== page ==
An Interview with Bruce Pavitt|
The die-hard punk rocker and Sub-Pop founder chills out in the jungle with the aid of the vine
Bruce Pavitt became internationally known as the founder and co-owner of Seattle's famous Sub Pop record label. He is widely recognized as one of the original creators of grunge rock and was one of the driving forces behind the Seattle music explosion and the Alternative music scene. One of the gurus of the independent music industry, Bruce helped discover and promote bands like Soundgarden, Mudhoney and Nirvana, whose earliest material was released on the Sub Pop label. After growing disillusioned with the music industry, Pavitt decided to resign from Sub Pop in 1996. He is currently focusing on raising a family, with a second child due in June, and building an ecotopian estate in the San Juan Islands. He has been pursuing a growing interest in shamanism and psychedelics over the past twenty years and recently returned from South America where he was working with a well known ayahuasca shaman in the Peruvian Amazon. We were lucky enough to catch up with him on a recent visit to Seattle.
Robert: So Bruce, let's talk about Peru. You got back from your trip to Peru a couple of months ago, tell us a little bit about what that was like.
Bruce: This was my first time down in South America. The Peruvian Amazon is an extremely acculturated environment. Even though we were two hours out of Iquitos, there were still kids running around in Nike t-shirts. In Iquitos itself, which is right on the Amazon, I walked into an ice cream shop and they were playing some really up-to-the-minute R&B hip hop...
R: It really destroys your romantic vision of the Amazon I would think?
B: Yeah, it's not what I expected. Anyhow, I went down with a few friends to work with shaman Don Agustin in Yushintaita, his jungle encampment. I had been working with the ayahuasca brew for a year or so and felt that it was very psychologically beneficial, provided very deep therapy and a lot of deep insights, and I wanted to take the ayahuasca in the context of the Amazon, because as you know that's where it's from. And I'll tell you Don Agustin is a real healer, he's a real magician, he's an amazing person and I would recommend anybody who is interested in trying ayahuasca to try and go through Don Agustin. He was a character....
R: I'm interested to hear about the cleansing you were required to go through when you got there.
B: Agustin's point of view is that if your body is loaded with toxins, then those toxins are going to come out during the ayahuasca trip as demons. It makes sense when you think about it. So, we underwent about four or five days of internal and external cleansing. After the first day, we covered our bodies with a compound called huito, a fruit pulp that was mixed with clay which stained our skin blue. The huito helped draw toxins out of the skin and also killed any of the microscopic mites and external organisms living on the skin. In a lot of ways, it was really like a spa. People go to a spa to eliminate toxins from their body. We had also stayed on a very healthy diet, mostly vegetarian and high fiber. It wasn't the extreme shaman jungle diet of just yucca and rice... it was a little more diverse, had lots of fruit, a very cleansing diet. We also did some internal cleansing with tree sap called oje which is very harsh, very strong.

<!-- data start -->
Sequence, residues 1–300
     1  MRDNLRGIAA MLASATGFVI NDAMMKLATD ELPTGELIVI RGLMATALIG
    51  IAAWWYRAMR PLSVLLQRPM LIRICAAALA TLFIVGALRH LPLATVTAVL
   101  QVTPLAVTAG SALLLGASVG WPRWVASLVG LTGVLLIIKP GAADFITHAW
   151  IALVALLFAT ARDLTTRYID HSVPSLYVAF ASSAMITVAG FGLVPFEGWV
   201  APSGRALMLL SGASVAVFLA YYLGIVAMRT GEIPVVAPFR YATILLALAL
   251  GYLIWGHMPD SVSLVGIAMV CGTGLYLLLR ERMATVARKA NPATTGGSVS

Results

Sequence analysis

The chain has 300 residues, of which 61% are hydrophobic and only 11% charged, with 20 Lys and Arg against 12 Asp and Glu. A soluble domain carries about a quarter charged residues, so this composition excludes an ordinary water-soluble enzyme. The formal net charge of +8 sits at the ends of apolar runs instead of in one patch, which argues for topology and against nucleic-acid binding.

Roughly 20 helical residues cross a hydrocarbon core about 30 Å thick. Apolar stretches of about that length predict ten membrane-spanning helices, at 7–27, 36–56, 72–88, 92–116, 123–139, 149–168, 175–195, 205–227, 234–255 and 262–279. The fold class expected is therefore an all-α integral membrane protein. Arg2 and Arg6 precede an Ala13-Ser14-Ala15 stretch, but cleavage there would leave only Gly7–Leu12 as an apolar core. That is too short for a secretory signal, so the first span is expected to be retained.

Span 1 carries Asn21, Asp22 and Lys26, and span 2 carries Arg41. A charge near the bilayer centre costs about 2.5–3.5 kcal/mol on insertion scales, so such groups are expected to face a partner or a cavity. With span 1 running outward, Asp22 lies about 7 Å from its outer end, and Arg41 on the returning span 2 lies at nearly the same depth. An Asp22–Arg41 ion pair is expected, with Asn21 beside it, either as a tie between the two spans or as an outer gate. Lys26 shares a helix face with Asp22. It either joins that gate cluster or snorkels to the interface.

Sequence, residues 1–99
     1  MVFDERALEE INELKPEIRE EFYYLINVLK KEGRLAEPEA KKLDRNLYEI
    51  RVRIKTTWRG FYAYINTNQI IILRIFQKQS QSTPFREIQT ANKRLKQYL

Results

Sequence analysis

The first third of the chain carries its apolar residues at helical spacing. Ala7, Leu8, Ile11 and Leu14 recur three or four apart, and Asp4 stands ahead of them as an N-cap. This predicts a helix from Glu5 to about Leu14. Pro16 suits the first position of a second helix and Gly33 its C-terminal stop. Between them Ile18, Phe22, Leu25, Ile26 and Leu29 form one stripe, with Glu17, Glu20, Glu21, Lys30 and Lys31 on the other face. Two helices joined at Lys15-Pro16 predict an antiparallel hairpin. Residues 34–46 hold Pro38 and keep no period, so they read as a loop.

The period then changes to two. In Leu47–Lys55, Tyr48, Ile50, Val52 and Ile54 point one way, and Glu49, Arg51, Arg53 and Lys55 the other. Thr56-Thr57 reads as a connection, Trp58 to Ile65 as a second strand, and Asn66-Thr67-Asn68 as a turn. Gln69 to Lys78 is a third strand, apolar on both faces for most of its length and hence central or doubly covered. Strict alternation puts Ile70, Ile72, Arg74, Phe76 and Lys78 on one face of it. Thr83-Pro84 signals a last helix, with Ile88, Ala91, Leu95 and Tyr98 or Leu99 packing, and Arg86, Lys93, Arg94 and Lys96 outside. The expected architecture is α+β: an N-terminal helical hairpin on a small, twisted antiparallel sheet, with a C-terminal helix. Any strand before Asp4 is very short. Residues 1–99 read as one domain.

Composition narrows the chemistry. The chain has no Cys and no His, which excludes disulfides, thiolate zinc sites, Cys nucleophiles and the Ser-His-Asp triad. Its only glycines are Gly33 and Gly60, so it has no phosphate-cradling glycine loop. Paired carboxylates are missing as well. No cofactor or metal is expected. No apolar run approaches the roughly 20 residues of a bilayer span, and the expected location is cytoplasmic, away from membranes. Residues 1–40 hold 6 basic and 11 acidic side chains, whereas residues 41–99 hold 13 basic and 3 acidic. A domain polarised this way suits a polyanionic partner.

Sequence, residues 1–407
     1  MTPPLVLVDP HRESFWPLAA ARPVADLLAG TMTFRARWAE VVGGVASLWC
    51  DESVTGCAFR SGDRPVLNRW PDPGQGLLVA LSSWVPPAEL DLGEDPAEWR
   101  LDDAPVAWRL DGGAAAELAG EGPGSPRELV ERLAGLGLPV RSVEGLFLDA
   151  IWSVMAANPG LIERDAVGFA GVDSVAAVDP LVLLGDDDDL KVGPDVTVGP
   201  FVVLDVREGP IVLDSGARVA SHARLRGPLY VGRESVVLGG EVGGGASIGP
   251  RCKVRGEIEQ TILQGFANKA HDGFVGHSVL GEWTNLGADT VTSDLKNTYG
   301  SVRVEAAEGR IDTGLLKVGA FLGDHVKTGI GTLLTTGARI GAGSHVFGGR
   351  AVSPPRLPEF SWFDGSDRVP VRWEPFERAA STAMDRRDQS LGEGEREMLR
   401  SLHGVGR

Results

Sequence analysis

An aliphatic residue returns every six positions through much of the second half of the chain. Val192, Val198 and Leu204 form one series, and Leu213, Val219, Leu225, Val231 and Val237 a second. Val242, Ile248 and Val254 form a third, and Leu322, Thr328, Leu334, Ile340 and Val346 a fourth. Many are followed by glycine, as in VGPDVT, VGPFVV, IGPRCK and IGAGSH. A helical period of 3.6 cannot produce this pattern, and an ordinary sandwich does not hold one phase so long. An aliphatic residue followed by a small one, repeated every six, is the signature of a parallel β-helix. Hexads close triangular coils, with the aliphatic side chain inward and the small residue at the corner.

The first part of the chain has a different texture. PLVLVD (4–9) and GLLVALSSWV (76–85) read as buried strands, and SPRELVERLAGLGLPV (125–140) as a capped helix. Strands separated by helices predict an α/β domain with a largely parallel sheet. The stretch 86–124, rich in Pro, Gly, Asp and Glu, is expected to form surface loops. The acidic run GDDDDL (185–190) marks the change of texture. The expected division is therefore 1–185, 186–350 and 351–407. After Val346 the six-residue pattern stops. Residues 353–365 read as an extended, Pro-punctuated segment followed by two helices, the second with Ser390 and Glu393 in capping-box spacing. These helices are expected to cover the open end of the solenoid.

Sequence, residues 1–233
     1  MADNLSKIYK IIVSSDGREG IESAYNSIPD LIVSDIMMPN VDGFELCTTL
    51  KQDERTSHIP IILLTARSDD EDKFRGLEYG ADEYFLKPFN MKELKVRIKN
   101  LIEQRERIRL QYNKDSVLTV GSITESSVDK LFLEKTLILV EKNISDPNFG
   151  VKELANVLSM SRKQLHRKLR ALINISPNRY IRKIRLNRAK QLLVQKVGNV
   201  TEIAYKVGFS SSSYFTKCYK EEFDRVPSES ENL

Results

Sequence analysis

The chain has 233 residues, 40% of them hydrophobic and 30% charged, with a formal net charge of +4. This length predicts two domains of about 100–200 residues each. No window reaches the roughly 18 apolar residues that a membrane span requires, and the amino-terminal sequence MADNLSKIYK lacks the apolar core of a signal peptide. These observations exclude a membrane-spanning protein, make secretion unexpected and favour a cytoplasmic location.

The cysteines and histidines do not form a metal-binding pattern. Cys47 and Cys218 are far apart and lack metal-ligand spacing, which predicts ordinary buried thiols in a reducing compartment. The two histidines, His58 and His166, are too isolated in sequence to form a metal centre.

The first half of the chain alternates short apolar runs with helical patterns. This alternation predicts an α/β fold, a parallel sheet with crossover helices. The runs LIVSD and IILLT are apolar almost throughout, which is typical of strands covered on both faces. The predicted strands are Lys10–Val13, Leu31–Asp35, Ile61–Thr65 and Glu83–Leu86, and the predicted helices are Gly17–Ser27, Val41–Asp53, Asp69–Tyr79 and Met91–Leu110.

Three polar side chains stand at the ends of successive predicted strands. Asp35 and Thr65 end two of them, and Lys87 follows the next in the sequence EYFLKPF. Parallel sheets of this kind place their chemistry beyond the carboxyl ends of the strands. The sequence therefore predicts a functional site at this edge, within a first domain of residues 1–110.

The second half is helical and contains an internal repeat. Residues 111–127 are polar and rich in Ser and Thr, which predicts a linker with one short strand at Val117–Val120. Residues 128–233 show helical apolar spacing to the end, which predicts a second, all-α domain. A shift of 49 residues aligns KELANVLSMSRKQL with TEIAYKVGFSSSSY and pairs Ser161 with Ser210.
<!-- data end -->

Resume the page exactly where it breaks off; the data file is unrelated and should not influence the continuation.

R: And that flushed parasites and other toxins out of your intestinal tract and prepared you for the ayahuasca?
B: Absolutely, exactly. We drank warm milk and then the oje. The parasites would come out and feast on the milk. Every half hour we had to drink a liter of warm water. We drank six liters of water after it and if you don't drink the water you can become very ill. So, it's dangerous stuff to work with. It was completely cleansing. After that session, Don Agustin actually pulled out a large microscope and examined stools for parasites which was a shock for some people because many were just loaded with parasites.
R: How many sessions did you do while you were down there?
B: We did four trips in two weeks.
R: I'm interested to know what Don Agustin's role was specifically and also what is the role of an ayahuasquero in an ayahuasca ceremony in general.
B: I don't really have a broad frame of reference, however, Don Agustin refers to himself primarily as a musical therapist. His role is to sing icaros and try and bring out the jungle spirits. He spent a lot of time playing a variety of instruments, he's a good musician, and doing a lot of singing. He also had a few apprentices who were helping him with the singing and so forth.